St Nicholas, Newington (near Folkestone), Kent

Newington is a sad, strange little village, desperately clinging on to some waning sense of its own independence from Folkestone’s vast swathes of Channel Tunnel terminals and tracks stretching up towards the gorgeous surrounding hills. Indeed, less than one hundred metres and a thin protective line of trees separates the outer limits of the compound from the first of the village’s houses that are come across. From above, Newington’s identity is almost lost now amongst the monumental accomplishments of infrastructural progression. But despite these shortcomings the village remains peaceful, tightly-knit and fairly autonomous. Just a little further up the main road is the neighbouring village of Peene with its lovely little Railway Museum - all is not lost in this penned-in village high up in the Folkestone hills, albeit the situation is vastly altered since the terminal’s building, both geographically and culturally.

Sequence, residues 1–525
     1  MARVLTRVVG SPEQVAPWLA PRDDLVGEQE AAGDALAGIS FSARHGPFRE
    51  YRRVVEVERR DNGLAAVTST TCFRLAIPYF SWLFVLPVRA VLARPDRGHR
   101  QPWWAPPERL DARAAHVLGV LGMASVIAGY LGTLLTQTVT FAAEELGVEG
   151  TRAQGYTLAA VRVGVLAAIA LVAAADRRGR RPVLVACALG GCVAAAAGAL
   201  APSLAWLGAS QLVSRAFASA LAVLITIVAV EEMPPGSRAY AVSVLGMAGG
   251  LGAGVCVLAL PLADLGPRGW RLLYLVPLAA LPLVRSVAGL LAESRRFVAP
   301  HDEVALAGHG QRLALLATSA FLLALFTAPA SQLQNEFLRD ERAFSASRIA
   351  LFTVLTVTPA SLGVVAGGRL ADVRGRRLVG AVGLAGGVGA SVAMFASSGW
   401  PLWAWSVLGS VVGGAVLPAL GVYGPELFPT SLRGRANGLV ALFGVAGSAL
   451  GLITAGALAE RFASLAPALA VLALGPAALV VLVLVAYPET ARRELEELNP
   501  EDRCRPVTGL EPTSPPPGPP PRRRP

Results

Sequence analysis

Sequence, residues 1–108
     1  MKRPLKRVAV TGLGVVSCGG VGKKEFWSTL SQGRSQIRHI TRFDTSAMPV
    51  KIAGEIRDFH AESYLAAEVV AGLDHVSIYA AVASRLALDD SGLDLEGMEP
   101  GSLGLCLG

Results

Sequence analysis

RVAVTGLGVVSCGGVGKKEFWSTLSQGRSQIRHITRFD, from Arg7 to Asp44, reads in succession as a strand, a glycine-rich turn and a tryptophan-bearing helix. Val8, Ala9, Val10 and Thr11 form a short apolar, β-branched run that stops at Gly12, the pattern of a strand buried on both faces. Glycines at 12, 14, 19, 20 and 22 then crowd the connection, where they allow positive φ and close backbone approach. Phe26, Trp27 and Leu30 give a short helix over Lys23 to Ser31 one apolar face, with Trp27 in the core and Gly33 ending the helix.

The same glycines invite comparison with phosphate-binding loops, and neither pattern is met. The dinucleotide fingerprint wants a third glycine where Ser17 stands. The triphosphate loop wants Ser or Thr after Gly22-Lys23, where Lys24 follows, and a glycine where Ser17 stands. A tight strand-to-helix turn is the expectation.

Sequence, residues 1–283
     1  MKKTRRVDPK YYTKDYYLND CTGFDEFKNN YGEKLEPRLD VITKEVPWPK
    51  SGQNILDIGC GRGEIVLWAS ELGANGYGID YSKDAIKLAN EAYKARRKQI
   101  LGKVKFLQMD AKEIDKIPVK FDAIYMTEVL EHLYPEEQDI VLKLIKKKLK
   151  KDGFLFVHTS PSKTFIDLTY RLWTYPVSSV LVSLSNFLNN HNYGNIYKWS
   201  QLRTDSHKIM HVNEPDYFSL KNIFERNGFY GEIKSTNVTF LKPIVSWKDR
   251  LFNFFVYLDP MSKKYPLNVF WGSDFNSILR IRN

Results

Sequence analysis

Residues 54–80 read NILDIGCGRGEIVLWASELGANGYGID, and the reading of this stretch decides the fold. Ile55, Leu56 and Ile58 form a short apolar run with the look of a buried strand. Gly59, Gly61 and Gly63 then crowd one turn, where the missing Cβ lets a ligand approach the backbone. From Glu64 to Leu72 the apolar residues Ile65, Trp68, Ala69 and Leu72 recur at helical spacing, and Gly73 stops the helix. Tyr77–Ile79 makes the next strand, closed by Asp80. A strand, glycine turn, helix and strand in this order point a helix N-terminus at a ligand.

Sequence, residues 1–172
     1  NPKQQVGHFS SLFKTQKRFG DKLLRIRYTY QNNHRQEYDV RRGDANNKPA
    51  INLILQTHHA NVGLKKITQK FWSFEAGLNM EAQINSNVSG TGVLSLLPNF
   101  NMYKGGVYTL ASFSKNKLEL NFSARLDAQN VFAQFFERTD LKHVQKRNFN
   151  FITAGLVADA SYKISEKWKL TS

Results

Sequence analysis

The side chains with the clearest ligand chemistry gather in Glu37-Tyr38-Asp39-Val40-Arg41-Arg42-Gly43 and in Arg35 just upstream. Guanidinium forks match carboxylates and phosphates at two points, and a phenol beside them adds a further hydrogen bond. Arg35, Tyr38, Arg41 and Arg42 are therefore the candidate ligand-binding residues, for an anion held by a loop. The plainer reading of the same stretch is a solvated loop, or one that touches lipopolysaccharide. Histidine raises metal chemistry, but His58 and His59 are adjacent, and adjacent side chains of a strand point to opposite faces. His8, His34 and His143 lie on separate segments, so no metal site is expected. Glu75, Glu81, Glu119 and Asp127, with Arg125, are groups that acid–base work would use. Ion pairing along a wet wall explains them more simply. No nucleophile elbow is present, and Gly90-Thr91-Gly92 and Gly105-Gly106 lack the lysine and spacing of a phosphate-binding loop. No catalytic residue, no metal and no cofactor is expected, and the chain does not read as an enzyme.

St Nicholas, by comparison, is quite a joyful little church with some great views and unashamedly Kentish architecture. Sadly I only managed to visit on a Sunday, and hence a recently ended service unfortunately rendered the church closed to visitors. The exterior seems dainty and pretty, with small sections of building throughout and adorned with only a tiny timber tower and ogee spire. The entrance and main porch is located strangely in the north, leading out into the street. Views of the nearby hills greet you in the churchyard, a dedicated bench found within and a short wall tracing the road to the west. One of my favourite exterior features is the blocked south doorway - doors have always been one of the most fascinating features of English churches to me, and seeing a once-thriving portal into a sacred place bricked up using whatever stones and loose fabric could be found at the time is a welcome expansion to that fascination.